Does the Stanford rapist deserve love and compassion?

It seems like we’ve all heard the story of the rape at Stanford and the rapist’s lenient (to put it lightly) treatment by the courts. After being found guilty of sexual assault, Brock Turner was only given a six month sentence, seemingly out of concern for what a longer sentence might do to his swimming career. This is a crystal clear example of white male privilege. This is BS. It is a disgrace to see people trying to sweep under the table what is clearly rape and a vile, heinous crime.

I cannot imagine how this must feel for women who for millennia have been told to keep quiet and that being raped is their own fault. I cannot imagine how it must feel for people of color who do not get the benefit of the doubt from our society and many of which are now in jail for no reason. I cannot image how it must feel for poor people who are thrown in jail because they don’t have the money to pay for a good lawyer. What an incredible injustice that our society seems to have compassion and understanding only for rich white men.

I share the anger and sadness that so many of us have been expressing over the last few days. These reactions are not only warranted, but also healing and cathartic for people who have been ignored and victimized by our society for far too long.



Advertisement


But after seeing so many of us react with anger and vitriol, I’ve also been wondering something else. Do these reactions represent our “best selves” – what we aspire to be? Are they enough for us to transcend this injustice and create a better world?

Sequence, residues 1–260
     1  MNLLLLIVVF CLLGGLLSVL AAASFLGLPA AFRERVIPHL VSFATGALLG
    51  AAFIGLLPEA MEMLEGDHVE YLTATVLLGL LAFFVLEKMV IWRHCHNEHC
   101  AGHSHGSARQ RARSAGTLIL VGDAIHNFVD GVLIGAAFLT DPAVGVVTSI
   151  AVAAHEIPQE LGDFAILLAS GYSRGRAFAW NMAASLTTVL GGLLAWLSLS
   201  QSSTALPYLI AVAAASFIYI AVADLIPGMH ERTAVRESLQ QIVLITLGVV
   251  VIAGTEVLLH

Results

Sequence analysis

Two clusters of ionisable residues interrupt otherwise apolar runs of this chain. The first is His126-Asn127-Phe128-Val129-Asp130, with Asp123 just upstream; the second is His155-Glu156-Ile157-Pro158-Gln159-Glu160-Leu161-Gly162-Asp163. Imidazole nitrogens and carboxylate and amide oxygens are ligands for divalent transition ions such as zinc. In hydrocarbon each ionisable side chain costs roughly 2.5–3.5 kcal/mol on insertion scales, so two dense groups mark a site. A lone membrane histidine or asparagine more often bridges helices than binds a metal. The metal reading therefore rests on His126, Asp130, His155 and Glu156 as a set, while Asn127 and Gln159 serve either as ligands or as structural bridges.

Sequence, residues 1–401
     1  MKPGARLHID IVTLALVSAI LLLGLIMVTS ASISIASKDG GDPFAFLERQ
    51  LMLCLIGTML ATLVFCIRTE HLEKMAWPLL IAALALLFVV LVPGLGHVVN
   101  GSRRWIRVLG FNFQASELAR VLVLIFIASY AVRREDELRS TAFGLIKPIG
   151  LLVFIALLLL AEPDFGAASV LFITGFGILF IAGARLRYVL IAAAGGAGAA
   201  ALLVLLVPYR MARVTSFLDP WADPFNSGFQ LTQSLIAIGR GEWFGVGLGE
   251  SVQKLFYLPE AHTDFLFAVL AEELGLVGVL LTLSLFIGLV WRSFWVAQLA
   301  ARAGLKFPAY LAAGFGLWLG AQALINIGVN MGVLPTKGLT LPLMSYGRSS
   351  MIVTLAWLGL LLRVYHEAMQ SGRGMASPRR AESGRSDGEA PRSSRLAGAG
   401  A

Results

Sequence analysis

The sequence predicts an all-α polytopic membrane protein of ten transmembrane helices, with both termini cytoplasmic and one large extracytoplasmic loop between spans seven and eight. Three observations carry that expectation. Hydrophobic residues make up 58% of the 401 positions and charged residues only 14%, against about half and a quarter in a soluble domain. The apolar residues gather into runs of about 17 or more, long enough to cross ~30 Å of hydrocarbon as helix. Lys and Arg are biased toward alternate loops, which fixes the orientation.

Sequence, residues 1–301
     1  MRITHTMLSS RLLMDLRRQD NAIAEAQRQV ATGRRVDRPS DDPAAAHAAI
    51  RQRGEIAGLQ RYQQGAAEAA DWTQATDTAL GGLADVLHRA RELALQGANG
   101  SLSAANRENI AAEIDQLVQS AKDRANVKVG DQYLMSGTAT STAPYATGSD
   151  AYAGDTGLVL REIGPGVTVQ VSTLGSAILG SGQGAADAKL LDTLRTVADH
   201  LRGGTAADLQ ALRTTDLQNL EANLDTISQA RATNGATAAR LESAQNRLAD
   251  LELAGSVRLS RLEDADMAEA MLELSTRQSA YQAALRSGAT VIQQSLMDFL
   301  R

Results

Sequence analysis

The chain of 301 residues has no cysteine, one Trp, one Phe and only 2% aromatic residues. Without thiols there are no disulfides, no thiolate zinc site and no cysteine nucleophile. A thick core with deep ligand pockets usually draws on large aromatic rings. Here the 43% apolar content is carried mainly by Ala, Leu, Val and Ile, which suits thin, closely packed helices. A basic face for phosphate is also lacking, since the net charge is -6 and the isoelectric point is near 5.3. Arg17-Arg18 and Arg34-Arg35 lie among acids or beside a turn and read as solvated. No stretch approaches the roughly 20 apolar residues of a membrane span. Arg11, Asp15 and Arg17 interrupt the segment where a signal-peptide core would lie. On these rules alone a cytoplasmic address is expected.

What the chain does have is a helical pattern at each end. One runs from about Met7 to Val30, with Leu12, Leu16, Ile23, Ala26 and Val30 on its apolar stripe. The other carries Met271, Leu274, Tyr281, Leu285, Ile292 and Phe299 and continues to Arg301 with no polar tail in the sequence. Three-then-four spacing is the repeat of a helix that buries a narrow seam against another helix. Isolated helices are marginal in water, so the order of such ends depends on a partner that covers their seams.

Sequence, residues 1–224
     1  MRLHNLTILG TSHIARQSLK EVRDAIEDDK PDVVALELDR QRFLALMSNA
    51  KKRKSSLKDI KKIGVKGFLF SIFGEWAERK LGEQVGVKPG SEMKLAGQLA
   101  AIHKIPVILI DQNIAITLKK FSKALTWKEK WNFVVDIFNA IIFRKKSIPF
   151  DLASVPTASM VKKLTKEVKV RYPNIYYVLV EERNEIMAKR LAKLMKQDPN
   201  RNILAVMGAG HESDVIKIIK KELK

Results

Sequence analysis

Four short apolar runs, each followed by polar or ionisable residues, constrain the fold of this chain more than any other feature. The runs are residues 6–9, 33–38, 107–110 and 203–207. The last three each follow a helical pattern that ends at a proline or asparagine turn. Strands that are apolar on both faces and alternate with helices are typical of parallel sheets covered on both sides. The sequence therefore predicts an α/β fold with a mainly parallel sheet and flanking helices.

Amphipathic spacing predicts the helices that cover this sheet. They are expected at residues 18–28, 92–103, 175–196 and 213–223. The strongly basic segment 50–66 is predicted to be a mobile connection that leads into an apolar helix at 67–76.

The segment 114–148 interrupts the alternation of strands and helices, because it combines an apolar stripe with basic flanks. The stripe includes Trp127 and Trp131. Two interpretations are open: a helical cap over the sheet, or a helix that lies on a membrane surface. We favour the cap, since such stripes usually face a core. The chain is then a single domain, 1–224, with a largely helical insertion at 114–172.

More directly, is the point of this story that we ought to treat the rapist more like we’ve been treating the marginalized in our society for so long? Do we want more harsh jail sentences intended to shame and dehumanize that do nothing to rehabilitate? Do we want to widen the circle of people in our society who “deserve” punishment?

Or rather – do we want everyone, not just rich white men, to have our sympathy and compassion, to be seen as human, and to be given the benefit of the doubt?

I know that coming from a white man, to some, these questions are likely eye-roll worthy at best and rage-inducing at worst. Let’s be clear. I don’t mean to say that the anger and deep sadness expressed in the last few days aren’t justified or welcome. I don’t mean to say that this story isn’t indicative of a history of deep injustice in our society that must be rectified immediately. I don’t mean to strip anyone of their experience and their reaction. I don’t mean to suggest that we continue to treat college rape as not that big of a deal.

I do wonder though: How do we build a new system that truly offers equality and justice for all? How do we act meaningfully to make stories like this a thing of the past? Is it possible that by spitting hate and vitriol at Brock we simply reinforce the thought processes that got us here in the first place?

When we do have the capacity to choose, do we want to use our energy to further shame the rapist and make him feel ugly and worthless? Or rather – do we want to use our energy to offer support and love to the victim (and the countless others who have fallen victim to rape and told to shut up about it); to honor the bicyclists who stepped in to offer help; and to acknowledge and help those who our legal system have not treated with such leniency?

How can we expect different outcomes if we still operate under a mindset of punishment and shame, even for rapists?

What if we strived to build a system that heals both the victim and the perpetrator?

How do we have this conversation while still welcoming the very real and legitimate reactions of those who have been victimized by our broken system for so long?

No Comments Yet

Comments are closed